Emotions are part of our very fabric as human beings. When we are aware of an emotion that we don’t want to express, we can often move into a reactive fight or flight state. However, wanting to fight or flee on the job might be room for dismissal.
If bottling our emotions up is bad and expressing them could even be worse, how do we behave when we are upset or angry at work?
Men and women’s brains are structurally and biochemically different. How we regulate and express our emotions is also different. When under stress, both men and women release cortisol and epinephrine, the hormones that raise a person’s blood pressure, increase their blood sugar levels, and control their “fight or flight” response. However, women under stress also produce significantly more oxytocin. This is the hormone that influences what biologists call the “tend and befriend” instinct. Daniel Goleman states “we know that women’s brains are more replete with oxytocin, the hormone that encourages social bonding, and the more social people are, the more socially intelligent they tend to be.”
A mans brain, on the other hand, has larger centers for action and aggression than a woman’s does. Men and women both produce testerone, but men produce 10x more than women. A man would therefore be far more likely to confront the interrupting jerk in the meeting to fight the agressor. Also, a competitive environment stimulates the production of testerone and their can be a positive feedback loop that increases this behavior. In women, conflict is more likely to create feelings of stress, upset, and fear. Women actually regret expressing anger more than men do.
So what happens if you let loose at work and then regret it?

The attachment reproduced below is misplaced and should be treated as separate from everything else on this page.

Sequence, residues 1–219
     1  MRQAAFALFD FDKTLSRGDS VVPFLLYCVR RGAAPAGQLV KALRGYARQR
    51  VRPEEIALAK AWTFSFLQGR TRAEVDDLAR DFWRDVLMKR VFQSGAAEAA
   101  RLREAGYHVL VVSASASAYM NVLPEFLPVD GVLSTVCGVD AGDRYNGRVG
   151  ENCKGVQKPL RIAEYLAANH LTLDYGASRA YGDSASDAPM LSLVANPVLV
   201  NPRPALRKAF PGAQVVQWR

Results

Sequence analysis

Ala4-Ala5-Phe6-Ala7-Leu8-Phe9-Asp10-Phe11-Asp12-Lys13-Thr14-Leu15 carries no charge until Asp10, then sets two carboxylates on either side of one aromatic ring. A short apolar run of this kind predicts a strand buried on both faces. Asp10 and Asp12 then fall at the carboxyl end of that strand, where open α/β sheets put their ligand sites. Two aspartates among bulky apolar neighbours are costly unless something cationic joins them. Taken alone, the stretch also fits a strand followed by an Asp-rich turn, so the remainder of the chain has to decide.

This is normal. We all loose our cool from time to time, the best step forward is to apologize. The best way to apologize is to say you are sorry for exactly what you did. Don’t justify why you did what you did in your apology, just let it go and take ownership for your action.
Try this: ”Kate, I am sorry I yelled at you yesterday. It was unacceptable and I will make sure it never happens again.”
The best way to make an apology sound genuine is to have it be genuine. If you are having a hard time coming to a place of apology, think about the effect of your actions on the other person, and recognize how it must have made them feel, and the consequences of your behavior. Feeling compassion for the person you were angry at the day before will encourage you to apologize.
A study done in 2009, the Emotional Incidents in the Workplace Survey, targeted men and women betwee the ages of 18 and 64. 701 respondents were surveyed about the most prevalent emotions in the workplace. The results found:
Frustration is the most dominant feeling expressed in the workplace.
Women experience anger more than men.
More than 60% of all workers reported that they saw their boss get angry with someone during the last year.
Women under 45 are 10x more likely to cry at work than men 45 and older.
Sixty nine percent of people feel that when someone gets emotional in the workplace it makes the person seem more human.
Lastly, 88% of all workers feel that being sensitive to others emotions at work is an asset, a positive trait.
In working and expressing our emotions at work, this simple meditation exercise might be helpful to remember.
Mindfulness of Emotions Exercise
D- Breathe Deeply. This pause allows you time to think and the deep breathing moves out of your sympathetic nervous system, into your rest and digest, calming your mind and body.
I- Investigate and label the Emotion you are having with acceptance
N- Name what the other person is feeling. Can you imagine yourself on the other side of the argument?
G- Generate skillfulness and kindness to yourself and this person as you move forward.
With more women in the workplace and more emotions being revered in the workplace, it is an important time to bring consciousness and sensitivity to the workplace.
To learn more about how to incorporate mindfulness into your life at work, home, health, and relationships please go to “Savor Your Life” and learn how this powerful CD can help you move from reactivity to wise responding.